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Imax on Tuesday posted earnings for the three months to Dec. 31, 2018, at $1.7 million, or an adjusted 26 cents per share, against a year-earlier profit of $4.83 million or 34 cents per share, on overall revenues of $108.9 million, down from a year-earlier $125.6 million.
Analysts had estimated Imax would post fourth-quarter earnings at 24 cents per share, on overall revenues of $102.5 million.
And the adjusted EBITDA, at $36.4 million, surpassed a market consensus of $35.6 million. Imax’s bottom line was hit by a one-time charge of $8.38 million for exit costs and restructuring charges, related mostly to the closure of a virtual reality arcades business, against similar one-time charges of only $2.47 million taken in the fourth quarter of 2017.
The profit projections beat for the latest three months marked the 11th quarter in a row that Imax has surpassed analyst expectations for per-share earnings and EBITIDA.
“We believe our achievements last year set the stage for Imax to have a blockbuster year in 2019. We further differentiated The IMAX Experience, increased awareness of the Imax brand and tackled key challenges in China, where we delivered our strongest box office year ever and doubled the industry growth rate,” Imax CEO Richard Gelfond said in a statement.
On an analyst call, Gelfond explained how his company was leveraging its presence in China. “Last year, we refined our programming strategy by introducing more local language films into the slate, working more closely with key ticketing platforms in China and launching a new brand campaign,” he recounted.
The Imax boss said his company is discussing closer ties with Maoyan, a major movie ticket sales platform in China, to allow for better managing of the large-format exhibitor’s customer relationships in that market.
Imax is programming three films on its screens at any one time in China. Even during the busy Chinese New year period, when Wanda’s sci-fi epic The Wandering Earth set a new record as Imax’s highest-grossing local-language title, the giant-screen exhibitor also screened two other local titles, Crazy Alien and Pegasus.
Year-to-date, Imax box office in China has reached $78 million, up 61 percent compared to last year, ahead of The Lion King, Toy Story 4, the It sequel and other Hollywood titles playing on Imax screens in that Asian market.
During the latest quarter, gross box office from Imax’s digitally remastered (DMR) films came to $236.7 million in the fourth quarter, down from a year-earlier $278.1 million, when the company had a stronger film slate that included Star Wars: The Last Jedi.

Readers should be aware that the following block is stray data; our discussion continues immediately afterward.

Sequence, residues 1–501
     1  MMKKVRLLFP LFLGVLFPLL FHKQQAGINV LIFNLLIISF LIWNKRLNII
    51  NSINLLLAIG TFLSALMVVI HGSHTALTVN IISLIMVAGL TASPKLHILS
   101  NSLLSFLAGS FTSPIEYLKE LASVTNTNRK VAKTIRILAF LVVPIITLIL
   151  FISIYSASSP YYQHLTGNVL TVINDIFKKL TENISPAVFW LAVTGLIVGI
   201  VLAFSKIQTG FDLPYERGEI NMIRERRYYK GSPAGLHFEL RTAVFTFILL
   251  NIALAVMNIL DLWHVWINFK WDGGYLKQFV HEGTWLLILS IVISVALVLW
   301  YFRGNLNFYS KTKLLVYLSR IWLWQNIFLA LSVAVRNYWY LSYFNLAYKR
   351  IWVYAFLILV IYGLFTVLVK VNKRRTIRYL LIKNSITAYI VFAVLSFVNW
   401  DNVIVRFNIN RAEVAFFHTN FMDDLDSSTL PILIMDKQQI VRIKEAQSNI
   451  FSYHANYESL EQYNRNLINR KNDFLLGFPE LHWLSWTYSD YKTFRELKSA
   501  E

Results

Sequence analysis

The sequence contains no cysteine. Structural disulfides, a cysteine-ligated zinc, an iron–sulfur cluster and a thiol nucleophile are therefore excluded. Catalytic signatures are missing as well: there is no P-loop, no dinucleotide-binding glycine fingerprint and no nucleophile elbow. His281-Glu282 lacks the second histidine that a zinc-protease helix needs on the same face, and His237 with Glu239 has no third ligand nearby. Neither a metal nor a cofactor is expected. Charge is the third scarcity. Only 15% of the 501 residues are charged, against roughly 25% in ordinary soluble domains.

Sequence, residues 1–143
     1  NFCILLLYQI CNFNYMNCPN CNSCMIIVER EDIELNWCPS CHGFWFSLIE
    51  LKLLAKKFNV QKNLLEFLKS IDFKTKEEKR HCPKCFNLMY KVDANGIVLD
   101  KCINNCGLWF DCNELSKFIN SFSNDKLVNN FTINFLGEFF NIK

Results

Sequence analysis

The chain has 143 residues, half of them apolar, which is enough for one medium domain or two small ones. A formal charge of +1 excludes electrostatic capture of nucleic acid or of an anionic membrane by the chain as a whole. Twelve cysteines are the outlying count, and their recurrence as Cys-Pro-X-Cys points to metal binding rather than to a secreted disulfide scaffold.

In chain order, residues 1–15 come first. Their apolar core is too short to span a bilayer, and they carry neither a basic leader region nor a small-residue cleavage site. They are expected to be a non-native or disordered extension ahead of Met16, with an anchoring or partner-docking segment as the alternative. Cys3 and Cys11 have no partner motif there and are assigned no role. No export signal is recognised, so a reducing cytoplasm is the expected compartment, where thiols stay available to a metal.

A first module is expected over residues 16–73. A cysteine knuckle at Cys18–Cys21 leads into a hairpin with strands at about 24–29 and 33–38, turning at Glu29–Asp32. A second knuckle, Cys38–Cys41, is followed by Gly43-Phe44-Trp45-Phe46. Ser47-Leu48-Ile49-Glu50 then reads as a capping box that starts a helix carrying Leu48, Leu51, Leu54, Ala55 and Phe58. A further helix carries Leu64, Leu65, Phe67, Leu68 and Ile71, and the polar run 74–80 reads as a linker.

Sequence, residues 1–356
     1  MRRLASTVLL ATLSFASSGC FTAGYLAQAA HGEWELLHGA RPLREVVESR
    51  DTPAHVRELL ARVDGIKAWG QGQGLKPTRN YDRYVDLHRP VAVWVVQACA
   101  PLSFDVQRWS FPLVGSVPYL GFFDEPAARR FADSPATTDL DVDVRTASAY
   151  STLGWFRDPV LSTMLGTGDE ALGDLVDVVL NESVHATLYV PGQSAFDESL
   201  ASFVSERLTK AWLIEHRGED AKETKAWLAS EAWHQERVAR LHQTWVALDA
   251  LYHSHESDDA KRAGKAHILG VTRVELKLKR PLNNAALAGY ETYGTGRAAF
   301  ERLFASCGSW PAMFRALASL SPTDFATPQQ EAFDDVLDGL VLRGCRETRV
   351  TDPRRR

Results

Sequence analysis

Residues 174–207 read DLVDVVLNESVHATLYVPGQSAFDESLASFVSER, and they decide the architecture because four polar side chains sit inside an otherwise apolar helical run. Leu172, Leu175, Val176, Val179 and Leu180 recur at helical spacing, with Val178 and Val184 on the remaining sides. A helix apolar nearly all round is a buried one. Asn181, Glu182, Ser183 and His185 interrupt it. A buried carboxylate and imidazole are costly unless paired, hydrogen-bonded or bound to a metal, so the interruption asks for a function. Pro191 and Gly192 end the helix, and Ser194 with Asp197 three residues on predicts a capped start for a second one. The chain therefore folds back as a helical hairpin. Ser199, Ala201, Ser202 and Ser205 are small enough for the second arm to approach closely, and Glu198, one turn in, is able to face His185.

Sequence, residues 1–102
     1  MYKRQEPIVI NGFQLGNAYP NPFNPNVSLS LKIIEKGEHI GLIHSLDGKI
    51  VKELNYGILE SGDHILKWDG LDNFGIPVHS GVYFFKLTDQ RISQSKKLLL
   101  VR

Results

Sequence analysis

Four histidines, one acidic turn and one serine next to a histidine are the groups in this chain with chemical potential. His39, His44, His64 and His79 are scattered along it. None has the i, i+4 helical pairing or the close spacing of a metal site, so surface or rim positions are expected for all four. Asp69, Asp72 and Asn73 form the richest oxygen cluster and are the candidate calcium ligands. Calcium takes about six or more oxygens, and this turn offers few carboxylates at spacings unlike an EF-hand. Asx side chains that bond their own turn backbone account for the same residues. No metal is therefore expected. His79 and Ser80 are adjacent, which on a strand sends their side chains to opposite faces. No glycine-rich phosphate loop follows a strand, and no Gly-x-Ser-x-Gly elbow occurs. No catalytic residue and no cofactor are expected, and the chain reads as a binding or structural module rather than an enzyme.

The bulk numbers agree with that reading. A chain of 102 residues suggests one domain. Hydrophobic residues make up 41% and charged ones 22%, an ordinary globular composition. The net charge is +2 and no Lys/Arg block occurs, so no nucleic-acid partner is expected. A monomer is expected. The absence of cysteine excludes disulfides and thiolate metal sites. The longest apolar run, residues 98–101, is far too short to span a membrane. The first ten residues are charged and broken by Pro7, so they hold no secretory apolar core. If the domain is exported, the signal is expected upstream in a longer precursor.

The domestic box office for Imax was $82 million, down from a year-earlier $117 million, while the Greater China box office was $69 million, up from $63 million during the same period of 2017, after Imax chose to screen more local-language movies in that market.
Imax DMR revenues were $25.2 million, compared to $31.7 million in the fourth quarter of 2017. New business revenue for the latest quarter was $800,000, against $13 million in the year-ago period when Imax participated in the launch of Marvel’s Inhumans series.
The Toronto-based company has since chosen to get out of new ventures like TV series investment and VR arcades as it focuses on its core giant-screen movie business.
Gelfond told analysts that, overall, Imax is doing a better job of differentiating its moviegoing experience as it faces more competition for consumer eyeballs from streamers and other new digital offerings.
“Beginning in 2017, we made a series of strategic decisions to turn around our business. From top to bottom, the evidence is clear in 2018 that these initiatives are working as our growth, margin and return metrics are on solidly positive trend lines. We have confidence each of these trends will continue in 2019, and our margin and return improvement should accelerate as we continue to execute against the initiatives we laid out,” the exec asserted, with an eye to investors.
Feb. 26, 2:30 p.m. Updated with comments by Imax CEO Richard Gelfond made during an analyst call.
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